Children’s Literature of the Harlem Renaissance by African American Women
Imagine being a child, or the parent of a child. Imagine that child or parent represented by someone “less than” a supposed “superior race”. Someone who is stereotyped as ugly, unintelligent, careless, and violent. Imagine the feelings one must have when those negative stereotypes are falsely made to represent their ethnicity. This was the case for African Americans before the Harlem Renaissance. Whether one has experienced or not, this exhibit aims to put this difficult, yet powerful time for African Americans into perspective.
Some of the children’s books in this exhibit are also included in the bibliographies or referenced in the textbooks. Most of the children’s literature is written by women. The goal is not to discredit the works of African American males. Rather, it is to highlight the accomplishments of women. They were not exempt from sexism during the Harlem Renaissance. Although discrimination persists, many women enjoy careers in children’s literature. As desired by figures of the Harlem Renaissance, the hope to provide entertaining, yet informative books for children is something that educators and parents fight for today.
Overview of African American Children's Literature
From 1920 to 1930, Harlem experienced a boom in culture. Advancements were made in the arts, social sciences, and many other subjects. The importance of children’s literature was addressed, as more books and magazines were published for African Americans. With the publication of The Crisis and Opportunity, young African American men and women could submit their works in or serve as editors for these magazines. The Crisis also had The Brownies’ book, a magazine that established the importance of literature for African American children.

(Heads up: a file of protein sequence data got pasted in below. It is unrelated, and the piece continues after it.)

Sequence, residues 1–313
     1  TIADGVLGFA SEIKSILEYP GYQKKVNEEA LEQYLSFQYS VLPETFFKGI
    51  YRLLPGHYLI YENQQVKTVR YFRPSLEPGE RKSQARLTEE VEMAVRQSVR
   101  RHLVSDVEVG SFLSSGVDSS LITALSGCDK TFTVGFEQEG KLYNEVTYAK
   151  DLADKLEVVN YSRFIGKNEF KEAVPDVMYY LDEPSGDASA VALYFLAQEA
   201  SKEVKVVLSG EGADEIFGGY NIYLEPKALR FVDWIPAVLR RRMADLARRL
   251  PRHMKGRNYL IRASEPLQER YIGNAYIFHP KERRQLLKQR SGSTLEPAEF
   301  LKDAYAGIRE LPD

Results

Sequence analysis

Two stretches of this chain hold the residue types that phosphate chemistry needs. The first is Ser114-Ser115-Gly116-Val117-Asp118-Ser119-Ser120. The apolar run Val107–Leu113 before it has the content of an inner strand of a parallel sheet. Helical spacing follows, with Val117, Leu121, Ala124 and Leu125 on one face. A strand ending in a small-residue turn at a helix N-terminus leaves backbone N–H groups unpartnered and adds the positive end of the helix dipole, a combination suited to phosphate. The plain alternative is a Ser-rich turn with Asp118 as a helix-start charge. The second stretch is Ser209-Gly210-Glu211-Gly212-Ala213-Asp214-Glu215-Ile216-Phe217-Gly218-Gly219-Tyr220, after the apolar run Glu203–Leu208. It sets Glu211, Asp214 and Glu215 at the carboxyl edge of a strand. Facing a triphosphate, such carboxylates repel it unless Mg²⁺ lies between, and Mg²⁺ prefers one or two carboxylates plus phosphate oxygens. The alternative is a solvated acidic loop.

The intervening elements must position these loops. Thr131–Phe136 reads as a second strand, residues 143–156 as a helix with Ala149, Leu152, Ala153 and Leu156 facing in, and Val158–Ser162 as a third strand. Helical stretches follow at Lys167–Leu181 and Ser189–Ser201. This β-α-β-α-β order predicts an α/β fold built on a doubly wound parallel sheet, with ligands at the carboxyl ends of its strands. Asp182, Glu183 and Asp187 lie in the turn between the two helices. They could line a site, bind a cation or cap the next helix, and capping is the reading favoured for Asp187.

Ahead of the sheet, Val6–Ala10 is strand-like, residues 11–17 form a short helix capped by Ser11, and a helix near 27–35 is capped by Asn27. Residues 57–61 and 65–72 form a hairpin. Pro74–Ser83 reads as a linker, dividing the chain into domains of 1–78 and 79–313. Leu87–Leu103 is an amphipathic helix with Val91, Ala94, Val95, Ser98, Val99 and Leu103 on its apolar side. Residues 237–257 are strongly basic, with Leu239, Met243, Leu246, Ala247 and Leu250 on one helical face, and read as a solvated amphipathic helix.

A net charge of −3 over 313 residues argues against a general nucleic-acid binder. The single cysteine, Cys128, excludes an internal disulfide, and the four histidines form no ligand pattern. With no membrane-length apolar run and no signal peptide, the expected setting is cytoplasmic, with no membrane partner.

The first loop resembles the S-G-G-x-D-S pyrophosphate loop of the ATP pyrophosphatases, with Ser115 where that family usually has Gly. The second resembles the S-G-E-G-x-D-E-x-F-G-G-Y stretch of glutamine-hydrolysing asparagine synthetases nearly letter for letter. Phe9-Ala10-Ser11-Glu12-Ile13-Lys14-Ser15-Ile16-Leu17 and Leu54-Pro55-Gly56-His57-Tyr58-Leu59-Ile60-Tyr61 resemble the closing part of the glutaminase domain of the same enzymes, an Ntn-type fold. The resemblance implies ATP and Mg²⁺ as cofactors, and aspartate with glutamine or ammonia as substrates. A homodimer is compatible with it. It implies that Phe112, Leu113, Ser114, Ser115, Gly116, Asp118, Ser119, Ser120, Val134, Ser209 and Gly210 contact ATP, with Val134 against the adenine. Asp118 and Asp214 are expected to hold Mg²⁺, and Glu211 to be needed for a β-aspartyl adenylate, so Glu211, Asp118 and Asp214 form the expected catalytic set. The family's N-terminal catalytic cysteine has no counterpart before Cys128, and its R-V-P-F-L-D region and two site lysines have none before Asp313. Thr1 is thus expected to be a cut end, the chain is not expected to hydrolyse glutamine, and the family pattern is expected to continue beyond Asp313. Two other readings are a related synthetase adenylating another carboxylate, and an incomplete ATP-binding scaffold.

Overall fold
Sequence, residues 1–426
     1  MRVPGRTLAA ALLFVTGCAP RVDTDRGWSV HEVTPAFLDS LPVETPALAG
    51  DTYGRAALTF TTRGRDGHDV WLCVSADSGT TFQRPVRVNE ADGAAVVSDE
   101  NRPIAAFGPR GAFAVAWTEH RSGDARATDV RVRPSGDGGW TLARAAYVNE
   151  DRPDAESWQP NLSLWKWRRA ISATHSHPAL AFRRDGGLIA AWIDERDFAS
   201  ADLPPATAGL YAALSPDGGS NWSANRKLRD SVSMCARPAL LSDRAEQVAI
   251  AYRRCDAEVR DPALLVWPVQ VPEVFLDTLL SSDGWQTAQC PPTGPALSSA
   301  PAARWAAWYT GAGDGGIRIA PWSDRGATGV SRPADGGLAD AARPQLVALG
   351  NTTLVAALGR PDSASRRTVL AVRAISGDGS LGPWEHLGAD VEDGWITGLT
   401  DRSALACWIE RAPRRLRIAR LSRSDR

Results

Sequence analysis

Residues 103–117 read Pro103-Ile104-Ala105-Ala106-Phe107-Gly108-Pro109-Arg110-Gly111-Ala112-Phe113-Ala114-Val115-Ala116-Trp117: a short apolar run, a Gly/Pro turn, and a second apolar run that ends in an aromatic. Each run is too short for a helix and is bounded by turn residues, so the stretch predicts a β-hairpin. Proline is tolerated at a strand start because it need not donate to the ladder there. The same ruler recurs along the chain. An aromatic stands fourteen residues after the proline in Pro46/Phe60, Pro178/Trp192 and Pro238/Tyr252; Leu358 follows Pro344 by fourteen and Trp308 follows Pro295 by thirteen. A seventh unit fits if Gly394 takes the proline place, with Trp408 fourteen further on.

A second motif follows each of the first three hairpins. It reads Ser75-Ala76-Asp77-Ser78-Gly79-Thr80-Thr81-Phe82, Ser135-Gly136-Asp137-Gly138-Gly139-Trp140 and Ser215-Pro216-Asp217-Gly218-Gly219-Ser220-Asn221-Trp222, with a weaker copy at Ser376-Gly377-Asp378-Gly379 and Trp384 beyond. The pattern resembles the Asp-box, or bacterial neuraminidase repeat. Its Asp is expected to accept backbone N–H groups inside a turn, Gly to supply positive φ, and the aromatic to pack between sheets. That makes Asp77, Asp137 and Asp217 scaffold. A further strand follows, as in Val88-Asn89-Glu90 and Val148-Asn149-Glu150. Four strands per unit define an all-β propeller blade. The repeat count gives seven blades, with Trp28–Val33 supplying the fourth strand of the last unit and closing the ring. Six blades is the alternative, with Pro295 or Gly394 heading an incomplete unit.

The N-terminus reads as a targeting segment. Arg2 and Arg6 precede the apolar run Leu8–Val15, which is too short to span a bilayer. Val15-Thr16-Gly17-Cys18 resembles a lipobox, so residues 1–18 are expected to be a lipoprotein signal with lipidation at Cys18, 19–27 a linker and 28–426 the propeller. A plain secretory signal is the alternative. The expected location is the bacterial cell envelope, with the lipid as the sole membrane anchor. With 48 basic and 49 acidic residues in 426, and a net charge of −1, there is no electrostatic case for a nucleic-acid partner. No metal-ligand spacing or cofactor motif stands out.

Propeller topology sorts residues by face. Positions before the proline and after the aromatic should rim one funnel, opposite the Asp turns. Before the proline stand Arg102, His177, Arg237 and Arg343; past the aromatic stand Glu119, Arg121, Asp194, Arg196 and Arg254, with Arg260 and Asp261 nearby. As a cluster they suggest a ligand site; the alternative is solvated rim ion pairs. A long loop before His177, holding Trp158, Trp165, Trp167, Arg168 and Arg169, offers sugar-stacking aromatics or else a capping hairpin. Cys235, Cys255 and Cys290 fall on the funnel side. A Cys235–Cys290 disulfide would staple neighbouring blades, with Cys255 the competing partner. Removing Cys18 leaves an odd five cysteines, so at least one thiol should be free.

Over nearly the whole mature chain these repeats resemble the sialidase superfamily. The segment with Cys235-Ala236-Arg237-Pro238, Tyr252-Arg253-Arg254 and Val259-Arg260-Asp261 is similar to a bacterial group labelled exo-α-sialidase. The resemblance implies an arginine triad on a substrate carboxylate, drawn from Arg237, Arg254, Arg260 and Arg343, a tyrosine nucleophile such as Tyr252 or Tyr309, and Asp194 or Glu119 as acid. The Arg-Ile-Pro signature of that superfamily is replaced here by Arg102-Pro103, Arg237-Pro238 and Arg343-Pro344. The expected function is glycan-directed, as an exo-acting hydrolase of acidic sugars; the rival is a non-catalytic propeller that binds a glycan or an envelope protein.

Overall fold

From the multitude of books in Ellis Library, twenty-one fit the exhibit’s theme. All books displayed were published after 1930, although some of the text was written during or before the Renaissance. The genres range from general children’s literature, bibliographies, and historical textbooks.
Some books are invaluable for learning about the Harlem Renaissance. Others display and analyze juxtapositions of children’s literature written for African Americans by people from different racial groups. There is also an abundance of material regarding the lives of notable Harlem Renaissance figures, themes, and elements of culture.
Although these texts are not entirely similar, reading one book could help give more insight towards others in the group. Ellis Library has several books regarding the Harlem Renaissance, including Alain Locke’s The New Negro. Although it is an invaluable text, not as much focus was given to children’s literature. These books provide details and discussions on the impact of various children’s literature on its target audience. Albeit difficult, and sometimes jarring, the material in these books is a representation of how African Americans were viewed, treated, and portrayed from the late 1800s and beyond.